Thursday, December 20, 2012

Winter Solstice 2012

I pledge allegiance
to the soil of Turtle Island,
and to the beings
who thereon dwell
one ecosystem in diversity
under the sun
With joyful
interpenetration for all.

Gary Snyder

I was trying to put the picture above where it is, and I noticed that it had copied twice.  I was just about to delete the second photo, when I realized that it formed a circle - half of the circle going into the shadow, or "underground".  A perfect symbol for what I think the emergent paradigm must be.   Integral.  Light and Shadow.  A Circle.  Then I realized that the circle extended on either side of the "picture plane" into the rainbow, it forms another Circle, perhaps invisible to the viewer, but existing in some other dimension of time and space.  So I leave it these two pictures which form a greater picture, because in my experience, Spider Woman,  Midwife for the "5th World"  speaks in metaphors and in synchronicities when she casts her threads.  Especially on the  numinous day of the Solstice.
 "In America, we have mixed bloodlines, "rainbow blood".  I've always conceived of the Rainbow as actually being a circle. Half of the rainbow disappears into the ground, into an underworld realm, where it exists beneath the Earth, hidden, but present.  Perhaps, what we're given now is the means to seed a rainbow vision."  Christy Salo

"What might we see, how might we act, if we saw with a webbed vision? ”
Catherine Keller
In the ritual work I've done, we honor the 5th, and last, element, which is white, the element of aether, the element that unites all the other elements.  The 5th world, it seems to me,  is about the revelation of Unity as the underlying truth of the cosmos, the ecology of our planetary body, our Mother Earth,  and of our human lives. Although it is not Dine, or Hopi, the spirit of Spider Woman's gift, I believe, is to be found in the traditional Lakota prayer  "Mitakuye Oyasin" (All Are Related).

 Years ago I was enjoying a panoramic view of the Sonoran desert.   I happened to be sitting near a spider web, stretched between two dry branches.  I realized, by shifting my point of view, I could view the entire landscape through the web’s intricate, transparent pattern…..a  landscape  seen through the ineffable strands of an almost invisible web. A Webbed Vision.  Mitakuye Oyasin.

In Pueblo mythology Spider Woman is also called Tse Che Nako, Thought Woman. Thought Woman creates the world with what she imagines, with the stories she tells.  We also participate in this imaginal perhaps now is the time to become conscious weavers, conscious spinners of the stories we tell about ourselves and our world.  

Are we alone, little tribes in constant conflict with each other for resources, power, or because "my god is better than your god"?  Is this "human nature"?  Are there other models or options?  Are we alienated individuals living in an urban jungle, with cynicism as the only appropriate response?  Am I victim, weak, powerless, needing to cling to destructive relationships or circumstances because  I have no other choice? Or are there other options  for the stories we tell, weave our lives with, pollinate the future with?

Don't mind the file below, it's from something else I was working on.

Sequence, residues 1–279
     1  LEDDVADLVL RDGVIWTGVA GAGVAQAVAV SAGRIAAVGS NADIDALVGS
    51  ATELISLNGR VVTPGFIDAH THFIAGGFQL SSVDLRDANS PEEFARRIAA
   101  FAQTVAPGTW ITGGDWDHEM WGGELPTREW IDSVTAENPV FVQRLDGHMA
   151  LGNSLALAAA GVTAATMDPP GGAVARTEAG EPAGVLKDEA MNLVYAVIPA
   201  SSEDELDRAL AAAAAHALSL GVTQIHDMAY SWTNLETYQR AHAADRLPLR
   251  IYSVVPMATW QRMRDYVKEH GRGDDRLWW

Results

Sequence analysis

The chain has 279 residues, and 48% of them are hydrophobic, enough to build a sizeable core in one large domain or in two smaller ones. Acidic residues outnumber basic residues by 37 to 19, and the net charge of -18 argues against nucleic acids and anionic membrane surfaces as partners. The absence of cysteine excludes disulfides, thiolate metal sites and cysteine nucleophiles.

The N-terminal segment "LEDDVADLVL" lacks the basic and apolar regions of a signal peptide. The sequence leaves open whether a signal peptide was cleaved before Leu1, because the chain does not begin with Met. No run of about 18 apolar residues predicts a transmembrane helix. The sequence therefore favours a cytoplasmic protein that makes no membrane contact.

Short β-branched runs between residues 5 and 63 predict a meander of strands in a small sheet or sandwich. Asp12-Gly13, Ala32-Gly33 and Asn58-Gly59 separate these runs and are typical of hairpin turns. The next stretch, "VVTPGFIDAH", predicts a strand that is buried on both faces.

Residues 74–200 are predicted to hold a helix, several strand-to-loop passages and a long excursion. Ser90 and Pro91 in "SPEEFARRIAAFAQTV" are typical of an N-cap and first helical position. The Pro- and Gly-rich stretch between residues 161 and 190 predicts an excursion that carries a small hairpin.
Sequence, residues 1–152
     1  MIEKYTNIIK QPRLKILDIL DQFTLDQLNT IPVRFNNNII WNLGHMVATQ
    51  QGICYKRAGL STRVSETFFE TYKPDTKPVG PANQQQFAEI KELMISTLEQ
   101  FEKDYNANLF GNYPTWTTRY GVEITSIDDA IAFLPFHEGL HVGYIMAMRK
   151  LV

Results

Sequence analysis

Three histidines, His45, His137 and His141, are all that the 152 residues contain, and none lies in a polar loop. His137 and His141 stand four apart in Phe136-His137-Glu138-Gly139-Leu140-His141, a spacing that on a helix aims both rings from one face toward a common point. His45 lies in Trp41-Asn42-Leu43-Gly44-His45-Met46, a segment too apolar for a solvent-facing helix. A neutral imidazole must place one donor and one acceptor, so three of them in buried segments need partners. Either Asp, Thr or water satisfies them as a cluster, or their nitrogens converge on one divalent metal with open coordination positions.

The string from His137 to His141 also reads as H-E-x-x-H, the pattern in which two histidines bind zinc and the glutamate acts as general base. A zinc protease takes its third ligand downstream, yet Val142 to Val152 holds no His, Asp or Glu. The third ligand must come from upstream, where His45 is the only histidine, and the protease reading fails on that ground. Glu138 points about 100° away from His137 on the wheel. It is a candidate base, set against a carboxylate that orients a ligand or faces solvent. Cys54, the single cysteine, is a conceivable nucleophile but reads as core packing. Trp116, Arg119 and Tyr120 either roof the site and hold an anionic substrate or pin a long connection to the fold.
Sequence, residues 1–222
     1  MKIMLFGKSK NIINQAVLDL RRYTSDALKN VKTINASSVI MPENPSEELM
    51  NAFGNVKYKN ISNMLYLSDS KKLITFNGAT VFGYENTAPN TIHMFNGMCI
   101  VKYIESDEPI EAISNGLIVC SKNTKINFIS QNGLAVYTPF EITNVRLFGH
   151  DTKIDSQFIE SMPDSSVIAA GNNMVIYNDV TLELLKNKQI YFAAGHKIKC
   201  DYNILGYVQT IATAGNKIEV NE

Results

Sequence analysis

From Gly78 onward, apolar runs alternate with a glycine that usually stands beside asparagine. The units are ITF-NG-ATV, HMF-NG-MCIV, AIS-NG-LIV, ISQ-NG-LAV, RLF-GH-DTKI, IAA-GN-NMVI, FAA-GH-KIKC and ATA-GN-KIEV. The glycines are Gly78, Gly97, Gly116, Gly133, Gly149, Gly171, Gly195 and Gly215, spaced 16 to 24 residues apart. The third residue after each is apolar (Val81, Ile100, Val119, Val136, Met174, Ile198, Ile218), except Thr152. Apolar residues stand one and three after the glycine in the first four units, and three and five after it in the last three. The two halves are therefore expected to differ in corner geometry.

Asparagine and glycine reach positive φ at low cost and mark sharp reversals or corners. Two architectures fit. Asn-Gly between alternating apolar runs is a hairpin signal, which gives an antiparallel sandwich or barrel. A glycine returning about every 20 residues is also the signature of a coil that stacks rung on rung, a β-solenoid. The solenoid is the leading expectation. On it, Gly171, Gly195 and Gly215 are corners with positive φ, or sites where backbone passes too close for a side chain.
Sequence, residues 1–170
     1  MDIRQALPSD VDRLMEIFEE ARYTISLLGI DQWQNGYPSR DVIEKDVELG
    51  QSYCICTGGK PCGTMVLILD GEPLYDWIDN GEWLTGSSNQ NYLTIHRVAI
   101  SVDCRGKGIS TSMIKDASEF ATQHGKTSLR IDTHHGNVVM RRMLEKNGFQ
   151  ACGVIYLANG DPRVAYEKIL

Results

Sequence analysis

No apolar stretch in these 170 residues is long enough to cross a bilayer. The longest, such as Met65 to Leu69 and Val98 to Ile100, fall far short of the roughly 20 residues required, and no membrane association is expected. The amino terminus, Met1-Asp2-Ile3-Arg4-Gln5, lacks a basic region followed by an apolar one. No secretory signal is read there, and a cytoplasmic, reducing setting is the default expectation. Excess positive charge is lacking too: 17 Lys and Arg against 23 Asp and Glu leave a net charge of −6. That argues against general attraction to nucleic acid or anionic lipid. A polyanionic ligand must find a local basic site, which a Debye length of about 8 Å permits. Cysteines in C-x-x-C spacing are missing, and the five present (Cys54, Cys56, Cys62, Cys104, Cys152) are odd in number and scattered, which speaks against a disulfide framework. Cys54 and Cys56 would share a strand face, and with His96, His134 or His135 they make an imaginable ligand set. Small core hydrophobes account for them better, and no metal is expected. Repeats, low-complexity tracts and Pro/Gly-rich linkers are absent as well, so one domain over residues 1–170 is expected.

"The question is not so much "What do I learn from stories" as "What stories do I want to live?"  
David R. Loy, "The World is Made of Stories"
Navajo rugs often have “Spiderwoman’s Cross” woven into the pattern.  The cross of Spider Woman represents balance - the union of the 4 directions.  Spider Woman is at the Center: the  5th Element. As anthropologist Carol Patterson-Rudolph has written, to the Navajo,  Spider Woman ((NA ASHJE’II ’ASDZÁÁ) represents initiation into a mature way of being. Without the necessary maturity, she's not seen, she appears only as a small, insignificant insect.  But to the initiated, the "Web" becomes visible within an ever expanding relational paradigm.   Spider Woman thus is a bridge between the mundane, mythic, and sacred dimensions of life.  Like a spider web, her transparent, circular strands exist on multiple levels of meaning and perception.  In his book on Hopi religion, John Loftin writes":
“Spider Woman was the first to weave. Her techniques and patterns have stood the test of time, or more properly, the test of timelessness.…..…..Weaving is not an act in which one creates something oneself – it is an act in which one uncovers a pattern that was already there.”
  Among the Dine`, weaving is also viewed as a spiritual practice, a sacred art.  Many rugs are left with a small flaw, to honor Spider Woman, the only weaver whose work is perfect.  And to this day, a bit of spider web is rubbed into the hands of female infants, so they will become "good weavers".

If now is the beginning of the 5th Age, truly a new Age for humanity in all of its diversity, strife, creativity, challenge,  and history (which must now include her-story as well), then it's time for all of us to get to work, pollinating our communities, weaving a new Web.  What good is despair?  The work is ahead of us, the dawn comes.  

May we all rub a bit of Spider Web into the palms of our hands.


Trish and Rob MacGregor said...

Love the two photos and that they form a compelling symbol! Happy solstice to you, too, Lauren.

Gail said...

A blessed Yule to you Lauren, bringer of joy to so many.

Lauren said...

Solstice Blessings to both of you, and my gratitude for your inspiration and friendship!

May this special day of "the return of the Light" carry us all forward in the year to come!